Safety vs. Quality—The 2020 APSF/ASA Ellison C. Pierce, Jr., MD, Memorial Safety Lecture

Matthew B. Weinger, MD, MS
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This piece summarizes the content of the 2020 Ellison C. Pierce, Jr., MD, Memorial Patient Safety Lecture, which was presented on October 3, 2020, at the American Society of Anesthesiologists Annual Meeting (held virtually). It highlights the conflict between quality and safety, and is a call to action for anesthesia professionals to recognize their important role in improving health care safety. My presentation first reviews the emerging role of the anesthesia professional in today’s health care safety environment. I then explore an important yet under-appreciated consequence of unsafe work environments—the impact of dysfunctional systems on clinicians. Next, I talk about the push for greater health care quality in the U.S., followed by a summary of conflicting approaches to safety and quality efforts. Finally, I review principles in human factors engineering and human-centered design which may contribute to the solution of this dilemma.

Patient Safety

Based on my review of the literature, it appears that about one-half of perioperative deaths are preventable. While primarily anesthesia-related mortality is quite low, surgical mortality is at least 100-fold higher. Thus, anesthesia professionals can and must play a greater role in reducing not just anesthesia, but surgery-related morbidity and mortality. Toward this goal, for example, we need to take more responsibility for reducing surgical infections through correct and timely prophylactic antibiotics, as well as better sterile technique by anesthesia professionals when administering intravenous drugs, especially during induction.1 Maintaining effective mean blood pressure throughout perioperative care is another way anesthesia professionals can improve surgical outcomes.

More than two decades ago, I introduced to health care the concept of a “non-routine event” (or NRE). We define an NRE as anything that’s undesirable, unusual, or surprising for a particular patient in their specific clinical situation. My colleagues and I have demonstrated that NREs: 1) are common—ranging from 20–40% in various perioperative settings; 2) are multifactorial; 3) can contribute to and/or be associated with adverse patient outcomes and, importantly, 4) provide addressable evidence for improving defective processes and technology within care systems.2

A key problem with the current view of patient safety (Safety 1.0) in most health care organizations is its focus on detecting and analyzing adverse events or aggregate poor outcomes to drive mitigation or improvement. While useful, the effectiveness of such an approach is limited due to hindsight bias and its inability to provide sufficient insight as to how best to prevent future adverse events. So, instead, in health care as in other industries, patient safety professionals need to study how experienced clinicians are successful despite the dysfunctional processes and systems in which they must work and then design processes and technology to support and foster these resilient behaviors (Safety 2.0).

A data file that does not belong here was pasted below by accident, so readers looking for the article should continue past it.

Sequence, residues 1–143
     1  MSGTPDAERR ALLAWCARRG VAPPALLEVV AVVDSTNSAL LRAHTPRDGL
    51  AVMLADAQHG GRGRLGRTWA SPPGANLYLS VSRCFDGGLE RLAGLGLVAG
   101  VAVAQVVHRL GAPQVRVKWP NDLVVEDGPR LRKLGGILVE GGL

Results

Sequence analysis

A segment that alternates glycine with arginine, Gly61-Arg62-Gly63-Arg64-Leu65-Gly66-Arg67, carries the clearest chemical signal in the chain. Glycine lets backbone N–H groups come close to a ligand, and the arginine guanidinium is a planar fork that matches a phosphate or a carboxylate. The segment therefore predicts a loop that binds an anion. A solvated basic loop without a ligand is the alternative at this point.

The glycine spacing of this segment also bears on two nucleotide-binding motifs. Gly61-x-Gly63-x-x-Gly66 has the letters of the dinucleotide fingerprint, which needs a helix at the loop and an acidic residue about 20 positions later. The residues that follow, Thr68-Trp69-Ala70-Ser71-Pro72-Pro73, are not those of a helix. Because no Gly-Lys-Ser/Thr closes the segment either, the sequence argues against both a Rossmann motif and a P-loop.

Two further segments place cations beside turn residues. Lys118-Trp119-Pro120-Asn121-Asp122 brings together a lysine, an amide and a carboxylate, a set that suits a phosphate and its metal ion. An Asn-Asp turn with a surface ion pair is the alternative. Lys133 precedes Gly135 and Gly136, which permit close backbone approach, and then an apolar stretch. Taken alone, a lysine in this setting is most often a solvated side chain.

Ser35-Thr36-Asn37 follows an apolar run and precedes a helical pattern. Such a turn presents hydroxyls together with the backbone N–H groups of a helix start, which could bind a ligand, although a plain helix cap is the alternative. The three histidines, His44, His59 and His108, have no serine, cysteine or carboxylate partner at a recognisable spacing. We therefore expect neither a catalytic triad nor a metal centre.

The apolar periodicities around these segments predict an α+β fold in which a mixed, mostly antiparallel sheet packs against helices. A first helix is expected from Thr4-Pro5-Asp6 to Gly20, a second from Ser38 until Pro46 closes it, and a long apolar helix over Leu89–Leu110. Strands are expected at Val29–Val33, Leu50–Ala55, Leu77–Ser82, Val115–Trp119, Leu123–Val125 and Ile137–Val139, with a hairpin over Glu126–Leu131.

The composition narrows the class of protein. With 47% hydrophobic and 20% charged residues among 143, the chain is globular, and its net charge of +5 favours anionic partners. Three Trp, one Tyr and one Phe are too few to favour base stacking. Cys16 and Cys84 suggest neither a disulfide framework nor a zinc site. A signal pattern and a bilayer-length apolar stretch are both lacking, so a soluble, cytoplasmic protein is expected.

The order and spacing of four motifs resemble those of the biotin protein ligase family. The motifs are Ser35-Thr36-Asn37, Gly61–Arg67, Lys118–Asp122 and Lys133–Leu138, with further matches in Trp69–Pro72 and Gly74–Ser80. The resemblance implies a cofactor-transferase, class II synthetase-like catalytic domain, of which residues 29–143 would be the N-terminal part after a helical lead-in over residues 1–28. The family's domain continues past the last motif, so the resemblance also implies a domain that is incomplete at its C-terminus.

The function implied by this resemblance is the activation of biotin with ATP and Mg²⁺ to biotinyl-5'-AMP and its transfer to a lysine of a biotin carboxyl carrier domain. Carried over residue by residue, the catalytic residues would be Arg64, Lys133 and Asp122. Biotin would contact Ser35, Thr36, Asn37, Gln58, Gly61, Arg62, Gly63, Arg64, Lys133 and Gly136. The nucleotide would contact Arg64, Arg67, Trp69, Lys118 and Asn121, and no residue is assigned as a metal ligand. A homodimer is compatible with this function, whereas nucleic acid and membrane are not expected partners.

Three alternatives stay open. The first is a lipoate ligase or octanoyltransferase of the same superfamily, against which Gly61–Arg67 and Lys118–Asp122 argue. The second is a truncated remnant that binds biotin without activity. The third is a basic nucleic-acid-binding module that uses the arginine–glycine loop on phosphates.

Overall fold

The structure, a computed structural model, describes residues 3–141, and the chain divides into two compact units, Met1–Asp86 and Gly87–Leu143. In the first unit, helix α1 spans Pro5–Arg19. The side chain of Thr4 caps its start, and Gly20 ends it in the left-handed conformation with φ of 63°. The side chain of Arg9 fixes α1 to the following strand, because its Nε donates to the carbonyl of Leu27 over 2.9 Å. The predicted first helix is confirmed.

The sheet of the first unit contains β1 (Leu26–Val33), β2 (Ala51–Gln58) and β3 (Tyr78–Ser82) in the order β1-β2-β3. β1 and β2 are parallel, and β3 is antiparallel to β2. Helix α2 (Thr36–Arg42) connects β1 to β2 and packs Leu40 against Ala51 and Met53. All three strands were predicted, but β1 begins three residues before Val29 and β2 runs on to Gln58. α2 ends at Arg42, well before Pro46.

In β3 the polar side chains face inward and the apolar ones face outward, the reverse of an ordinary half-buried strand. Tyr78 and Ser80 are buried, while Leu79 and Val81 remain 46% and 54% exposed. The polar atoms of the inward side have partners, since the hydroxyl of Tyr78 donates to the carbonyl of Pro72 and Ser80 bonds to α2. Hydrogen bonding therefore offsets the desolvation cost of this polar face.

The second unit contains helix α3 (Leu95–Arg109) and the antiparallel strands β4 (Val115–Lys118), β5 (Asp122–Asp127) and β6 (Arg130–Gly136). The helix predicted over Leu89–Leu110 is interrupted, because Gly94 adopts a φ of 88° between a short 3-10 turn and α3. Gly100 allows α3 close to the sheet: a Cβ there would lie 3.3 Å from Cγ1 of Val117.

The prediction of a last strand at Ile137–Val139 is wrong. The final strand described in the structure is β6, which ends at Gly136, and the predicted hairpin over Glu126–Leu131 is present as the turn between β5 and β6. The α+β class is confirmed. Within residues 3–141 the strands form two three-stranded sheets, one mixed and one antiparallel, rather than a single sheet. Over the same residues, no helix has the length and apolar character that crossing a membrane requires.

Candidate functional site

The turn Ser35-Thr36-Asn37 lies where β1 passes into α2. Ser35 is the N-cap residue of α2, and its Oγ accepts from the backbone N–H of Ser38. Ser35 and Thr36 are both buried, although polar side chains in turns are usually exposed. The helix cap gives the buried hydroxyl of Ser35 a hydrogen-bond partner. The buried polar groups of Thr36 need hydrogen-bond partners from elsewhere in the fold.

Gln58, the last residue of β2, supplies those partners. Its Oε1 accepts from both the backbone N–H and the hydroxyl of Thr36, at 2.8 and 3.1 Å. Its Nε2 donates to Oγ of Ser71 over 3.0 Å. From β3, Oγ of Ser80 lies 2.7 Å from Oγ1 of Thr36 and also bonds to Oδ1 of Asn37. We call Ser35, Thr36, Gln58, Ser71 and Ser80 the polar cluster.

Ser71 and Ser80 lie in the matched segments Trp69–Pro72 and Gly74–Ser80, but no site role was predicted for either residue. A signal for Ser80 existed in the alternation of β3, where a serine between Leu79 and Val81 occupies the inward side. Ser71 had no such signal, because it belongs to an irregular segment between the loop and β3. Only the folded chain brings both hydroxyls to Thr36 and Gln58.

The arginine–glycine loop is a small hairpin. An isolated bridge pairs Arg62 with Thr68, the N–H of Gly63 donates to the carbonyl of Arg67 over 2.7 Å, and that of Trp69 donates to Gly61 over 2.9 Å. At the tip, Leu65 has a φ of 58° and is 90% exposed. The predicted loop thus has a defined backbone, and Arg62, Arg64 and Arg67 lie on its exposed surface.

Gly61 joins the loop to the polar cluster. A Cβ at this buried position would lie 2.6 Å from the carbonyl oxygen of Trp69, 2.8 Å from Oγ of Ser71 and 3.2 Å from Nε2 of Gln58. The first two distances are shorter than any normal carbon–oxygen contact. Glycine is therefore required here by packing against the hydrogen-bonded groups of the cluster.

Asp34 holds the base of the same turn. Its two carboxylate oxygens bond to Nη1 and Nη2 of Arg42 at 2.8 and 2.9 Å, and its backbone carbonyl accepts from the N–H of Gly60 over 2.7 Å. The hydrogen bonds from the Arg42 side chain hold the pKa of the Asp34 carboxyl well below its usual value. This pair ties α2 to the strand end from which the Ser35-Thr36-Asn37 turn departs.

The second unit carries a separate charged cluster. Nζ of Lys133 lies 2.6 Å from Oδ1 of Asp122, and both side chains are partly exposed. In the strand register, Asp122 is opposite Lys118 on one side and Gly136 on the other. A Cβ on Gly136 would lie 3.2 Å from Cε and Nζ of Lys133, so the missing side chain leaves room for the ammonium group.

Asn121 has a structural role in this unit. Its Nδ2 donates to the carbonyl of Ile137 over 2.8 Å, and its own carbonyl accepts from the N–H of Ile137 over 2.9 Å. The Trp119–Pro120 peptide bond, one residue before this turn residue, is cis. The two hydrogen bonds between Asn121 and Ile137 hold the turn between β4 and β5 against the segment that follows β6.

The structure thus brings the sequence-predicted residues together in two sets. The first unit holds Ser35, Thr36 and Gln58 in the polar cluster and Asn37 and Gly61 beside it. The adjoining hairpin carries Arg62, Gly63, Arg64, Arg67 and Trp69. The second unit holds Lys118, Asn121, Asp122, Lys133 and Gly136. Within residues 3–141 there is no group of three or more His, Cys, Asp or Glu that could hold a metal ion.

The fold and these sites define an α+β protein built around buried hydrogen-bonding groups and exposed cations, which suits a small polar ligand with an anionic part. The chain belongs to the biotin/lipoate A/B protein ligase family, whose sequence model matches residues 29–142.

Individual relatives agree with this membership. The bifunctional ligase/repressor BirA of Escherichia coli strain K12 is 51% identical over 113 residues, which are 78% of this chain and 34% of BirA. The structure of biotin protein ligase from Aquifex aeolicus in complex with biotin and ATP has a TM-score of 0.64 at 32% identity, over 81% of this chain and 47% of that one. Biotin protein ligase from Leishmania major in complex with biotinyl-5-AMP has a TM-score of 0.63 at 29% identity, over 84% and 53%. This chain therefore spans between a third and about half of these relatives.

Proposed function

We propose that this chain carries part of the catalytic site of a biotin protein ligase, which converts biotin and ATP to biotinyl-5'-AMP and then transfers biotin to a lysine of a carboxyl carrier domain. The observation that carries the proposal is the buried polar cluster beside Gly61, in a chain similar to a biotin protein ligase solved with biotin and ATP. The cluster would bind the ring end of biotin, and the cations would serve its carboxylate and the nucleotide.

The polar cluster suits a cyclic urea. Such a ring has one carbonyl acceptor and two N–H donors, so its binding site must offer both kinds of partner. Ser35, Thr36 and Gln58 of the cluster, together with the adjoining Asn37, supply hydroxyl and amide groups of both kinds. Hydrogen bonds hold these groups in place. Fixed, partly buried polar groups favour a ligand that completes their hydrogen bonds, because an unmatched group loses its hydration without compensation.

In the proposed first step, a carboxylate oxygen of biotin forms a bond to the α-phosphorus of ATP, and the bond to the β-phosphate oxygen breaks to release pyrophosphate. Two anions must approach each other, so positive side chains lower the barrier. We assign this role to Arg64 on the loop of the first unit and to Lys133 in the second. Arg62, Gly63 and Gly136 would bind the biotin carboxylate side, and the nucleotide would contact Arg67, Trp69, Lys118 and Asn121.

Clinician Safety

Degraded clinician well-being and burnout is more likely when a hospital unduly emphasizes production, has dysfunctional processes and technology that predispose to unsafe care, or has a culture and leaders that inadequately understand and support front-line clinicians’ needs. Studies show that clinician burnout is associated with adverse effects not only on the clinicians, but on patient safety and organizational performance.3 Further, many of the system factors associated with an increased risk of burnout are the same factors associated with the risk of NREs and preventable adverse events.

Safety vs. Quality

Data suggest that health care in the United States, when compared with other developed countries, is generally of lower quality, is often less safe, and has a higher proportion of total expenditures going toward activities that don’t directly benefit patients (see numerous articles and figures at Thus, there is tremendous pressure to increase value in health care, here defined as the quality of the care delivered divided by the cost of providing that care. Because cost is the dominator in the value equation, the effectiveness and efficiency of care have become a predominant focus in most organizations’ quality initiatives.

Table 1 shows the contrasts between an organization that is primarily production- or value-focused versus one where safety and reliability are the predominant focus. I modified this table from the work of Landau and Chisholm.4 To summarize just a few of the contrasts, a production focus emphasizes optimization, wanting to have just the right amount of personnel, tools, and supplies available just when they are needed. In contrast, safety or high reliability organizations want built-in redundancy and have a “just in case” mentality. The production organization treats adverse events as anomalies while the safety organization views adverse events as valuable information about potential system dysfunctions. The production organization tends to have a “shame and blame” culture, whereas, in the safety organization, those who report errors or issues are praised and even rewarded. Thus, with a production orientation, the system is more error prone while in a safety organization, it is error tolerant, and more importantly, will be resistant to serious accidents through better error detection and recovery.